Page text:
Describing our trip to Montserrat, in the Catalonia region of Spain, as a sport climbing holiday would not do it justice. Not by half. The first time we visited, in 2014, we were drawn to the area by beautiful photos, descriptions and the rich history of the multi-peaked mountain. And, of course, the sport routes. Little did we know the adventure that awaited us.
This year, the trip was no different, except that we had a better understanding of what to expect. We went to experience something new. We went for the adventure of exploring somewhere we haven't been before - and there were many areas of the mountain that we had yet to visit. We went for warm weather, cold beers and the best olives in the world. We went to relax and forget, for a while, the responsibilities that awaited us back home. And that's exactly what we got.
Montserrat is Spain's first natural park and part of the Catalan pre-coastal range. It has long been a pilgrimage site, with Santa Maria de Montserrat Abbey attracting millions of visitors from all over the world, many making day trips from Barcelona, just an hour down the road. Shrines are scattered across the mountain and walking the paths between them you can almost imagine yourself shoulder to shoulder with Benedictine monks.
The rock climbing is unique, following pebble and pocket strewn lines up the conglomerate spires and faces of the mountain. Single pitch, multi-pitch and trad routes are abundant in 12 sectors - you just have to take your pick. With 6 days on the previous trip, we managed to see 3 or 4 of the areas. This trip we had 8 days, so we attempted to get around as many of the others as we could.
This was not about trying hard routes, this was about exploring and that's the spirit we embarked with every day. Indeed, the walk-ins were as memorable, if not more so, than the actual climbing - click here to see what I mean.
Hour long walk-ins give you a sense of remoteness when you reach your end point, the wall you wanted to climb that day. The climbing areas tend to be quiet. You won't see hundreds of other climbers, or even dozens, in the majority. You probably won't even see one during weekdays. And the abundant flora and fauna give you a sense of wilderness. Pushing through a thick thorn bush to emerge the other side face-to-face with a hissing wild mountain goat can be quite startling, as I found out.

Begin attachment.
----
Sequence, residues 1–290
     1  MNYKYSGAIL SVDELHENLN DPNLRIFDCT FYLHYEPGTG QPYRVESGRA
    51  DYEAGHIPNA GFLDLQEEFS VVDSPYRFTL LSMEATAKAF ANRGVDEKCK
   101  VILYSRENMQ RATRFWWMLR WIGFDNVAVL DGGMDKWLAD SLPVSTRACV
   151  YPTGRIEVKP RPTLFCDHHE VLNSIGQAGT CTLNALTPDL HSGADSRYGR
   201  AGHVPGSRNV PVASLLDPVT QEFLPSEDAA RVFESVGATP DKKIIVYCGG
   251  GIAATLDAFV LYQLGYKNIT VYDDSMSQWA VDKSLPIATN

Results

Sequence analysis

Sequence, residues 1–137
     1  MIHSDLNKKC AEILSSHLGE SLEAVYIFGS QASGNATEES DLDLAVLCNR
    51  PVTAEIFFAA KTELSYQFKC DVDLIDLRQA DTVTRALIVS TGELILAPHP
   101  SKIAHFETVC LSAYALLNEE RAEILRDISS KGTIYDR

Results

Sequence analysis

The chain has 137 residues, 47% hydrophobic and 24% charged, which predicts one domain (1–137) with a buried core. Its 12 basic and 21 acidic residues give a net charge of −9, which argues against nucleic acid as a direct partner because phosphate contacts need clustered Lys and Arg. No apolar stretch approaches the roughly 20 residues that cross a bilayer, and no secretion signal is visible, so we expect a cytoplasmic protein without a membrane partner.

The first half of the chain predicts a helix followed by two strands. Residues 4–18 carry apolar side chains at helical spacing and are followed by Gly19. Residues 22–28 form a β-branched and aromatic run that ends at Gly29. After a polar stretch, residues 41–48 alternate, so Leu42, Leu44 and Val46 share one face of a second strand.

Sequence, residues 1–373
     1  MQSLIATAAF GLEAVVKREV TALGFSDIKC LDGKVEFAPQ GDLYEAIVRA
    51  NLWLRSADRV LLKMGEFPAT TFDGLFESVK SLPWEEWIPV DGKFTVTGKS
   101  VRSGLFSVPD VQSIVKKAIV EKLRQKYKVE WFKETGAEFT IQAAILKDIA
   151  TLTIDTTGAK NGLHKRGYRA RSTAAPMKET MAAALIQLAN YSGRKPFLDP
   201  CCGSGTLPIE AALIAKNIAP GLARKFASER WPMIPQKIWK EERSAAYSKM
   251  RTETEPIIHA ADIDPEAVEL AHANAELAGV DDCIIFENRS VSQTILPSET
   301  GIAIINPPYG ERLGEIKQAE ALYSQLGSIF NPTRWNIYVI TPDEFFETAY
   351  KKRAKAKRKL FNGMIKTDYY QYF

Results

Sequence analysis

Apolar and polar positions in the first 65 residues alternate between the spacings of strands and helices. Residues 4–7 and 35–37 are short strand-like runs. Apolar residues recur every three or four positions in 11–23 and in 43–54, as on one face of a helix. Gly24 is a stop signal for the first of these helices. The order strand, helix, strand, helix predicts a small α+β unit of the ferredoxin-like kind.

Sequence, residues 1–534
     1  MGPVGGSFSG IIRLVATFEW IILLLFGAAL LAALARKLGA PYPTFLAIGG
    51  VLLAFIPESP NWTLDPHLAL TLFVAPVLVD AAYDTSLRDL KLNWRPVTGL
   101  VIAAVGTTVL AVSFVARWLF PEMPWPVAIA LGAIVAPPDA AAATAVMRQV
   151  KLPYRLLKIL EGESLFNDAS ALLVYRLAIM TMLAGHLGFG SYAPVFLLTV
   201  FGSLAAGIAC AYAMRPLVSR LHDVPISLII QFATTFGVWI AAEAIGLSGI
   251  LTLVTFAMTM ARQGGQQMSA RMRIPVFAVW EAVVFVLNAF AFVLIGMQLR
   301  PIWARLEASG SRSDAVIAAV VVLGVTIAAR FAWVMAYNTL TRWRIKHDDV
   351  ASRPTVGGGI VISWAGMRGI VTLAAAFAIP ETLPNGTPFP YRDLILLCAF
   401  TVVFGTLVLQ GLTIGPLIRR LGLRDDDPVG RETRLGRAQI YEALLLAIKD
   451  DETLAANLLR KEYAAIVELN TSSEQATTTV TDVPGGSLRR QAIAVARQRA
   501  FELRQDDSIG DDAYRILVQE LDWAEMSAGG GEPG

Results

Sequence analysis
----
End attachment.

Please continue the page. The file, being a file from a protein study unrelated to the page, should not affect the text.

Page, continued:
We enjoyed the climbing immensely, of course. I've always found sport climbing hard going, however, as maybe 5% of my climbing career has been spent on a rope. Naturally, falling is scary unless you do it a lot and teach your head to reject millions of years of evolutionary conditioning and trust in your belayer and equipment. I do not do enough of it, falling that is, therefore I am not good at it. I tend to over squeeze holds and get pumped very quickly. I try to statically lock off everything and keep precarious moves to a minimum. Despite this, getting scared can be fun too, in moderation.
We also took a bouldering pad this time, for those days we didn't fancy tying in. Only 20 minutes away from where we stayed (see below) there is Sant Joan de Vilatorrada, which is home to a bunch of conglomerate boulders very similar in geological makeup to the sport climbing. The problems are powerful, with slick pebbles and edges reminiscent of the limestone back home. While there isn't enough at Sant Joan to keep you busy for an entire trip, we had a good couple of days there.
Of course, picking your season is vitally important when climbing anywhere. When temperatures reach 30 celsius rock climbing can get very difficult. You also need to lug around a water supply sufficient for a rugby team if you're out all day. It has been an unseasonably warm May this year so we were a little unlucky in that respect, but you can always climb early/late in the day or find shaded walls.
If you're thinking of a trip to Montserrat (I would highly recommend it!), you might find the below useful.
When should I go?
I would aim for early Spring or late Autumn, when the temperatures aren't too high. Having said that, it's Spain, so take your sunscreen whatever season you're flying out.
What about travel?
Barcelona-El Prat Airport is the easiest to fly into, with frequent and cheap flights from the UK or elsewhere. From here, you will need to hire a car, as Montserrat and its surrounding villages are an hour's drive north. Even if you get the train, you'll need a car to get around the mountain's various sectors.
Where should I stay?
I cannot recommend Mas del Puig highly enough. Located in Castellbell i el Vilar, this converted 13th century farm house sits atop the hill overlooking the village and boasts one of the best views of the mountain. Wake up early to see it when the sun rises - you won't be disappointed. It has three converted apartments (all self-catered, of course) with the Hen House perfect for two people.
We used Montserrat - Cara Sur Volume 1 as it contains a wide range of single pitch sport routes. But there are other guides available to cater for your taste. I'd recommend this website for further information.
The bouldering guide for Sant Joan appears to be out of print, so we couldn't get hold of one. However, with some online research, we pulled together enough information to both locate and climb many of the area's problems.
Anything else I should know?
If you have any questions about rock climbing in Montserrat I will do my best to answer them or point you in the right direction. Just leave a comment below.